The Austin/San Antonio connection is a good sanity check on this. It’s 290 km of construction, vs. 530 for Houston-NOLA. Austin and San Antonio are around twice the size of NOLA and Baton Rouge. Austin and San Antonio are close to Houston and Dallas, whereas NOLA is 930 km from Dallas and Baton Rouge 820. So the Austin/San Antonio connection isn’t marginal – the model gives it 4.5% ROI if construction costs can be kept to $25m/km, and even at the horrific Texas Central costs it’s 2.2%.
But to Allen’s point, the vast majority of ‘business’ trips are heading to either the convention center or the central business district. A suburban Houston to suburban New Orleans business trips you reference aren’t driving the unusually high New Orleans airport numbers (aside from passengers during the Houston hub to transfer); at 5 hours it’s likely time competitive to drive vs fly. I think it’s plausible NOLA is an exception for the same reasons as Orlando, just not to the same extreme.
As Dallas and Houston slowly create the pale skeletons of real urban transit, rail should be a compelling option for trips between Texas and New Orleans?
There are automobiles to be rented that one drives oneself and ones, for very short term rental, that have drivers. It works that way at airports all over. It even works at railroad stations that have a lot of passengers. The short term rental with driver at quite a few. Just like at airports they may even be a designated area for them to loiter at, awaiting the next customer to walk up. without reservations etc. Very busy hotels may even have their own bus that circulates between the hotel and the airport! Not everybody is a frugal masochist scheming to squeeze every nickel till the buffalo um …..cries.
So Via Rail is planning what they call high frequency rail instead of HSR for the Quebec City to Toronto corridor.
“High Frequency Rail | VIA Rail” https://corpo.viarail.ca/en/projects-infrastructure/high-frequency-rail
Is this a thing or is it bullshit? I don’t know enough about this subject to tell.
It’s essentially improved conventional railway with dedicated right of way. It’s relatively cheap and quick to implement and it’s also an improvement over what was being provided, hence I think it’s a good step, and with increased speed, frequency, reliability, and additional station along new track, it will attract more riders, and such increased level of rider could provide further justification for them to continually improving the line’s service level.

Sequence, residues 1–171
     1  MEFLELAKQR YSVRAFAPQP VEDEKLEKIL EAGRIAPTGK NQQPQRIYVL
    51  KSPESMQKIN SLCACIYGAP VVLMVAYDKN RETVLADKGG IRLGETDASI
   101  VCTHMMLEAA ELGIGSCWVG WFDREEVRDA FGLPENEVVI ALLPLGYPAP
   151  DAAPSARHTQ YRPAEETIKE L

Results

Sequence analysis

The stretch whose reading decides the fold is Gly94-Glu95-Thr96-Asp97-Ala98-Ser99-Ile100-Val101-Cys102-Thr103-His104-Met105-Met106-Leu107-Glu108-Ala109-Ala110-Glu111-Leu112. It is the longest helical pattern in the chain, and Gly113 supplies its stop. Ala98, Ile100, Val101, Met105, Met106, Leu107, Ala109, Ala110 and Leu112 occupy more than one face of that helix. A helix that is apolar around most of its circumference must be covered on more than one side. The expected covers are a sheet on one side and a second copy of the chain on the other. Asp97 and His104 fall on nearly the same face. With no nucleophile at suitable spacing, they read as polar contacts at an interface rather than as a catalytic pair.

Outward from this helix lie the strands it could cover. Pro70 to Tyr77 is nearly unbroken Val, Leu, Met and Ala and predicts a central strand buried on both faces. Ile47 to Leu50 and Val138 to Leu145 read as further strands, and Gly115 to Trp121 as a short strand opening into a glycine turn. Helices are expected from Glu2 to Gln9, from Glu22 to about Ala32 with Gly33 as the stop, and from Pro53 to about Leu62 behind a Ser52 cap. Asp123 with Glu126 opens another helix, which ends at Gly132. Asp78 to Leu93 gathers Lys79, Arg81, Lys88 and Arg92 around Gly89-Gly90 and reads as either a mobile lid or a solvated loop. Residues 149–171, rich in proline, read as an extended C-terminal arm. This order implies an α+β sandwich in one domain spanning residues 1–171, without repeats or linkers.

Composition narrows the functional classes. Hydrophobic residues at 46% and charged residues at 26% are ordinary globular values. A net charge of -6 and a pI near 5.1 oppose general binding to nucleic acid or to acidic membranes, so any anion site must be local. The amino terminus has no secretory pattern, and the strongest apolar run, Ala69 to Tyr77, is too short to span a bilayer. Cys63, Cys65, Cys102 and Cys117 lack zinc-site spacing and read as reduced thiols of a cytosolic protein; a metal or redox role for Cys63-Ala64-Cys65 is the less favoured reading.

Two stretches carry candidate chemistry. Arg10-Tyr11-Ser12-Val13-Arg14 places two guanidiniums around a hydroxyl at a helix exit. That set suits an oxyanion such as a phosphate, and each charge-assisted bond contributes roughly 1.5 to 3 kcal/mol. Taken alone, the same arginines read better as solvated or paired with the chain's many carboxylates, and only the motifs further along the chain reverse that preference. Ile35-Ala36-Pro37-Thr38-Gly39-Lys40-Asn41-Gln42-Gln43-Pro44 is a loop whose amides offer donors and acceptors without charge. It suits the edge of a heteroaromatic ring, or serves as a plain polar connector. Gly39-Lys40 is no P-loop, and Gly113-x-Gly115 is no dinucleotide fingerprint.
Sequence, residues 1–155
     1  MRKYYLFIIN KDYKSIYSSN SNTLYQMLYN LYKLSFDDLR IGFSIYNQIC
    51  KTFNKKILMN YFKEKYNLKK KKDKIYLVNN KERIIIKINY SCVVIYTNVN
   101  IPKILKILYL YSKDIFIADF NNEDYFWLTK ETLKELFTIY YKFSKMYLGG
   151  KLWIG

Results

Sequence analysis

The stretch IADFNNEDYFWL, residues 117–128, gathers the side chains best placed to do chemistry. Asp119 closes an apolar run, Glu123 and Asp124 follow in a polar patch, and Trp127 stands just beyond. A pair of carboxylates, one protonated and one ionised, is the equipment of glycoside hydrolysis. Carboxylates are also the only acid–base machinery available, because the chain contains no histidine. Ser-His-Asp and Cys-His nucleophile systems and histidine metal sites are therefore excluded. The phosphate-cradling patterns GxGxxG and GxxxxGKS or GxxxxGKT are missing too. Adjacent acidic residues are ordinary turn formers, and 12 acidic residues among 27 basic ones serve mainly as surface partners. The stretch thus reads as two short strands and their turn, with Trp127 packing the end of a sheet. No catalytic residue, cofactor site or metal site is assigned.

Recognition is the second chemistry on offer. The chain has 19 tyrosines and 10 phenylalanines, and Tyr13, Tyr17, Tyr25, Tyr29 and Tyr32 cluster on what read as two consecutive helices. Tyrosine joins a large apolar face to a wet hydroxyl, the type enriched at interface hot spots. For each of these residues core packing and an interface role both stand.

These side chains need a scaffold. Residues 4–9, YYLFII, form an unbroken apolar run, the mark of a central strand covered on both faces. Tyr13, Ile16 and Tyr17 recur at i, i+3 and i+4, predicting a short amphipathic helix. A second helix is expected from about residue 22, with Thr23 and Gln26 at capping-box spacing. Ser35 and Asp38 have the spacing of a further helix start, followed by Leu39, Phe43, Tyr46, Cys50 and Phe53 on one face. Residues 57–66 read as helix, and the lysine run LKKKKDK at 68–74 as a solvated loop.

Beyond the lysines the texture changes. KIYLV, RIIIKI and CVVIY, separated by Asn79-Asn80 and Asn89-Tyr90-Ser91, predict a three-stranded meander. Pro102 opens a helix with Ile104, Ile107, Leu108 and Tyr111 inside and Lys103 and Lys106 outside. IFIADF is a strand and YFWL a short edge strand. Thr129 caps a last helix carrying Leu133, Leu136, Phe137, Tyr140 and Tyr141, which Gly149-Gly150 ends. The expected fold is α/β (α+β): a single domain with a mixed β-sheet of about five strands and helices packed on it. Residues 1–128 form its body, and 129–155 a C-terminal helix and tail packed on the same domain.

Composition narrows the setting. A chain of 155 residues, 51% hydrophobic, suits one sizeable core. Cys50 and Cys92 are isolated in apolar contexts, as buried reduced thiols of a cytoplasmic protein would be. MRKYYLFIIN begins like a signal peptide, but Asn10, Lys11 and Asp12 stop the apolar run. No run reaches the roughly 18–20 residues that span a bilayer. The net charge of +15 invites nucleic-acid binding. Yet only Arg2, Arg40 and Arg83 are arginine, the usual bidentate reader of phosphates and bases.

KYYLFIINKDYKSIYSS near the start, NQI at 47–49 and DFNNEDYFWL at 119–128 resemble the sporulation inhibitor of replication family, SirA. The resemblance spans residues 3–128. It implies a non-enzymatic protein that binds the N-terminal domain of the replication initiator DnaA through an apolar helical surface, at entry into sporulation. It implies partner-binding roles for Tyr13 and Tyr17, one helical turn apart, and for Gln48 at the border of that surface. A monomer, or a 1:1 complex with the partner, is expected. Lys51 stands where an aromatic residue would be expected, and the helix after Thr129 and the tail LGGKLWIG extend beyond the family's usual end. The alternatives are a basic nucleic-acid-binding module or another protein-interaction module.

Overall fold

It wouldn’t replace HSR but it can be a good step toward having HSR in the future, I guess
New York, Ontario and Quebec, New York and Quebec, Ontario and New York, come up with some bizarre plan every five years or so and it gets archived on the dusty bookshelves with all the other plans. New York’s last one was to spend eye watering amounts of money to build an electrified 125 mph railroad in nice flat places west of Utica where the tracks would be very very straight instead of a 200, 220 mph one.
It seems to me that a San Antonia- Austin-Dallas line would outperform basically anything else on this map. What is the motivation for not including that? It is also the only part of the map where a normal double track would perhaps not be enough (at least if one expects some semi-regional traffic on the tracks which seems reasonable), as the current plan would maybe put too much stress on the link going to Dallas (the Dallas metro area already is close to 10 million people and will grow a lot, and here all traffic to Houston/Austin/San Antonio will be on a single double track). The Texas triangle seems like much more fertile ground for passenger-rail than most of the lines on the map.
I think HSR from Seattle-Vancouver to San Diego is possible because from Redding to Medford, there is longer term population growth, tourism, and ridership friendly to electric “green” trains. The cities line up in direct line within Willamette and Sacramento valleys. So, problem is engineering tunnels through the Siskiyou Pass.
Apparently, to run 18 tph on Tokaido Shinkansen line, they need to shorten train turnaround and cleaning time from 12 minutes to 10 minutes and eliminate trains with different performance, and improve ATC to avoid delay
Won’t that be 20tph for the new schedule compared to 18tph? The old schedule was 10tph for Nozomi, 2tph for Hikari, 3tph for Kodama and 3tph for Oi depot runs. The new schedule adds 2 more Nozomis bringing the total to 20.
@Phake Nick thanks for that link, because this is the first time I’ve come across info about the 3 depot runs incorporated into the Tokaido Shinkansen schedule. Makes sense as there are only 2 Shinkansen tracks between Tokyo station and the branch point to the depot. This is a similar situation with the Tohoku Shinkansen compared to Chinese HSR stations that have dedicated depot tracks connecting the stations to their depots.
Even for Anglosphere I don’t think it is normal to anticipate a construction cost of US$2.5-4 Billion for a ~15 km long, mostly at grade, bus or tram system?
*The above reply was incorrectly posted here. If Alon saw it please help delete it